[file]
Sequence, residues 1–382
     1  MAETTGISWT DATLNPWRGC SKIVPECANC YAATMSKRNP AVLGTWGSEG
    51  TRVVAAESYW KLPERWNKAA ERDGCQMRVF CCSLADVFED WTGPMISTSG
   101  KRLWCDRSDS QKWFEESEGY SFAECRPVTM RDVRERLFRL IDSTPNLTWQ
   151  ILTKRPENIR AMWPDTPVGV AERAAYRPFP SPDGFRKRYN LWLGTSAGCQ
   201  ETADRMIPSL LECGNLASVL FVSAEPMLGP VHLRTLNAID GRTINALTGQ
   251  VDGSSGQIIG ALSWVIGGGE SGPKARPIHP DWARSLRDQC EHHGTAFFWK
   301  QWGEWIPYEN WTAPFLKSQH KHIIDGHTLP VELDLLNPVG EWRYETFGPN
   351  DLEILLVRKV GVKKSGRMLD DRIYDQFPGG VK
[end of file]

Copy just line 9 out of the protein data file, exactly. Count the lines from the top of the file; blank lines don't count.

   351  DLEILLVRKV GVKKSGRMLD DRIYDQFPGG VK